Wow Kieth, you made me stop and think. I'm female and from w-a-a-y old school. I've never been one to shop as a form of entertainment, but I did like to "window shop" while passing by a store. For one thing, it told you something about the character of the store... cheaper bargain stores would cram all the goods they could into a display, often with prominent prices. "Tasteful" high-end stores would present only a few items. You could tell whether the goods were traditional or the latest thing. This gave you a clue as to whether you would like to go inside and see more, or not bother. And too, it was a distraction. We didn't have phones or whatever plugged into our ears as an excuse for ignoring the world around us, so instead we'd focus on shop windows as we moved along.


    Posted Wed, Jul 13, 10:14 a.m. Inappropriate

    Thank you Keith and s_calvert for your insights. keith's comment about.. "Could it be that shopping has become an involuntary mental state? were we always like this?".. made me ponder the nature of marketing and "lively streets'. I would venture to say that this kind of activity is and has been part of mankinds' nature for a very long time; at least as long as there were people traipsing about on pathways and farmers with some extra produce to sell or craftsman plying a craft. It evolved over centuries into what we see today as small shops paralleling sidewalks and roadways. The recent advent of cars, freeways and shopping malls has had a huge impact on that small shop scene and passing foot traffic, so much so we see modern cities decaying at their traditional core and retail activities moving to the periphery. The corollary question would be, what would be at street level of buildings if there wasn't shops and services occupying storefronts? Hulking concrete fortress walls?


    Posted Wed, Jul 13, 12:39 p.m. Inappropriate

    Shopping as an involuntary mental state has become an important, perhaps essential, form of entertainment. One needs to look no further than the Pike Place Market. "Saved" to retain a direct link from food producer to customer, there remains almost no remnant of this populist ideal. The meaning of "authentic" becomes debased when what we get is impossible parking, flying salmon, bemused cruise shippers, flower vendors where farmers once sold vegetables,all accompanied by the musical score of questionably talented buskers blowing in the wind. Whether on Seventh Avenue or Post Alley, it's all done with mirrors.


    Posted Wed, Jul 13, 1:48 p.m. Inappropriate

    gabowker's bitter rant brings to mind the Yogi Berra adage, "it's so popular nobody goes there anymore!" I think the Market's continuing popularity is testament to our desire to shop, or more accurately to wander through an environment with a wide variety of constantly changing stimuli.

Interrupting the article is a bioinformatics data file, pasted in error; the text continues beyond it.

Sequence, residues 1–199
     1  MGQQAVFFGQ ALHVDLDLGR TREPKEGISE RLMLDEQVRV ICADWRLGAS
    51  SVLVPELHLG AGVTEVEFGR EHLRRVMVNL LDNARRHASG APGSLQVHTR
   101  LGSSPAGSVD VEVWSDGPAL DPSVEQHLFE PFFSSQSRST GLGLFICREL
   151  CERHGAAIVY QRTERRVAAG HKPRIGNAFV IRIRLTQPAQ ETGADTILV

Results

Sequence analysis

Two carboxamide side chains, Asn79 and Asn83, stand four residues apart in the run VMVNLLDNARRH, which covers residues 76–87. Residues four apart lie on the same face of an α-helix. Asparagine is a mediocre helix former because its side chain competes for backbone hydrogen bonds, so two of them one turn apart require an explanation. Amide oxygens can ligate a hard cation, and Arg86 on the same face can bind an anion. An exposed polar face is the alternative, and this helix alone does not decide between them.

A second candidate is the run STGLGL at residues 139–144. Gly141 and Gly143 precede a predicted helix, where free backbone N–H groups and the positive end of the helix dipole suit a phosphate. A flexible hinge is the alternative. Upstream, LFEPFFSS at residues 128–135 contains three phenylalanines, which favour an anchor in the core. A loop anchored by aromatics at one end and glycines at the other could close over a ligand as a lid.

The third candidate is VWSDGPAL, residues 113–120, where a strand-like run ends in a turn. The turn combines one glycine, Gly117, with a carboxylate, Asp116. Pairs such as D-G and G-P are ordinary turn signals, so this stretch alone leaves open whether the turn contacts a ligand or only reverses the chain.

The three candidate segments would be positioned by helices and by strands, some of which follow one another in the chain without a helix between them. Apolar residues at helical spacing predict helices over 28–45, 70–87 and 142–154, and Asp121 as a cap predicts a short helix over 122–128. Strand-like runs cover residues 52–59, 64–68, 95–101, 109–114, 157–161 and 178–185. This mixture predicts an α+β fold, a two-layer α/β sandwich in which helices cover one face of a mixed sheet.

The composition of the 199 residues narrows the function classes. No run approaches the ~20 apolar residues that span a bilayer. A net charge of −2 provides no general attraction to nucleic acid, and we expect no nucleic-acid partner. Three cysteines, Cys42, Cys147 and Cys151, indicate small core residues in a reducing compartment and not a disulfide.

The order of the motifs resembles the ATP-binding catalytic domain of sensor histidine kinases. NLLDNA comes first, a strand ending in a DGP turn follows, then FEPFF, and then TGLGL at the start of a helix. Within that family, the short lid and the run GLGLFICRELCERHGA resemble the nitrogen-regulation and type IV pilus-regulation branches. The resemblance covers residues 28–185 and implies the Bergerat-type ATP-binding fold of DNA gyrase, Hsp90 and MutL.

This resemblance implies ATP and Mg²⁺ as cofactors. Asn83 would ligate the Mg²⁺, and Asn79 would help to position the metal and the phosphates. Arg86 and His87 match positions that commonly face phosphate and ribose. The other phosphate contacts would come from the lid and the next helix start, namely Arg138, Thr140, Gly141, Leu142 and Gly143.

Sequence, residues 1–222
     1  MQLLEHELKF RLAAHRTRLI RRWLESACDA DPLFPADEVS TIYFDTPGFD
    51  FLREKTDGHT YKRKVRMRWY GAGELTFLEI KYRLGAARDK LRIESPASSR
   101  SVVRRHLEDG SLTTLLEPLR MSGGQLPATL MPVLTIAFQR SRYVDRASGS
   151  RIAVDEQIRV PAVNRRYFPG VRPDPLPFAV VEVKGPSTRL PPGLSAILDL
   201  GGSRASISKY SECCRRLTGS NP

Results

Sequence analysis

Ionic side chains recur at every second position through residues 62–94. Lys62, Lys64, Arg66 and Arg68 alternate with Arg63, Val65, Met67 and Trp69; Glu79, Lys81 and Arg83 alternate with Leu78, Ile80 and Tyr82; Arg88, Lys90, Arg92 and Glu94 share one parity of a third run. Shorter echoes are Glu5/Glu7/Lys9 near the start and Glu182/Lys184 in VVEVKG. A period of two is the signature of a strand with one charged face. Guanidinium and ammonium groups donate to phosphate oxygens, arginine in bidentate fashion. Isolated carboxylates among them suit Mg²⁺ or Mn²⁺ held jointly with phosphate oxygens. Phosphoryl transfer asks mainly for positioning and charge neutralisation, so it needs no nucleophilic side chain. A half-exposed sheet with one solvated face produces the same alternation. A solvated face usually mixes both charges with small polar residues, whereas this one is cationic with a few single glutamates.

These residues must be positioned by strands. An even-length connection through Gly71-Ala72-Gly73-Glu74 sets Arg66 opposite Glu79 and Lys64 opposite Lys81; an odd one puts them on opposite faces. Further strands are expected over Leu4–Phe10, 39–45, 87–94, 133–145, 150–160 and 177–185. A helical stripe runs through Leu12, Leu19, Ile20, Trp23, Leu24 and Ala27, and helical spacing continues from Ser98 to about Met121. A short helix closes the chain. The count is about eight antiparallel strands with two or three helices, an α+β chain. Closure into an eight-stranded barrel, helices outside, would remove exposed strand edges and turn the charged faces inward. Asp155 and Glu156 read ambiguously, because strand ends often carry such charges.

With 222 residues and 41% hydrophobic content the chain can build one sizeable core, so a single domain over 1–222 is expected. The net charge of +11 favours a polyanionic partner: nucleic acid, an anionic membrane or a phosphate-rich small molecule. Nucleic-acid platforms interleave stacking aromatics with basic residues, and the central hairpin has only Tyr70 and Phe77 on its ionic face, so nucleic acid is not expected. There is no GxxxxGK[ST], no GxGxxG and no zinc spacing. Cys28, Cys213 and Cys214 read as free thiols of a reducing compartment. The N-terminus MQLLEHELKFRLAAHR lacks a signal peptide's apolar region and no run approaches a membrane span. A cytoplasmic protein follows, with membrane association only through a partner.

I haven't seen the new Sheraton treatment yet, but this piece will get me to check it out. I must admit I'm rather skeptical, but intrigued by GGN's description. I hope it is better than another prominent glass wall they did, the orange tinted monstrosity they (or at least Kathryn Gustafson) inflicted on City Hall. Interesting concept, but in practice a barrier instead of the kind of permiable edge that would make both the interior and exterior sides much better spaces.


    Posted Wed, Jul 13, 4:06 p.m. Inappropriate


    "The theory that shop windows are essential for lively streets has always struck me as superficially convincing but thin intellectually."

    Which means exactly what? Your sentence has a nice rhetorical balance but collapses upon reading it carefully.

    Forget about "thin intellectually" and tell us -- empirically -- where you can suggest lively streets which are not predominantly shopping streets.

    As to the attempt to redeem a "nationally-acclaimed" mistake -- see Time Magazine in 1983 -- I urge all readers to judge for themselves.

    Posted Sat, Jul 16, 11:31 a.m. Inappropriate

    David, I think the historic basis for the "lively street" goal is the souk. You know better than I do that the street markets of lower Manhattan were to some urban theorists the model for a public space that included face-to-face negotiations, haggling, theater, purchase of daily necessities all done within a few blocks of home. Good stuff, yes? we should not forget that when their fortunes improved people who lived in these urban models fled in all directions for less intense neighborhoods. What I'm thinking is that the top down impetus for street level shops is a dubious enterprise but probably not so much because of the distant and non-applicable model of the late nineteenth/early twentieth century but more because of my comment about Amazon and the Big Box stores. I think in-city retail stores have a big disadvantage and encouraging a lot of space in new construction may tend to subsidize retail rents and thus help out a little but my guess is that the model needs changing. What I mean by "thin" is that the economic model does not correspond to the urbanists model and I also suspect that other streetscapes that do not include a lot or even any retail can work pretty well. The sidewalks around the Federal Office Building come to mind. People on Queen Anne seem to like to walk around the "Boulevard" some of which does not even have sidewalks. Yes, Queen Anne Ave. also has foot traffic but only during a rather limited time window. I actually think the mirror idea is clever (I haven't seen it) and corresponds to another suspicion of mine that what people on the street really like to look at is the other people.


    Login or register to add your voice to the conversation.

    Join Crosscut now!
    Subscribe to our Newsletter

    Follow Us »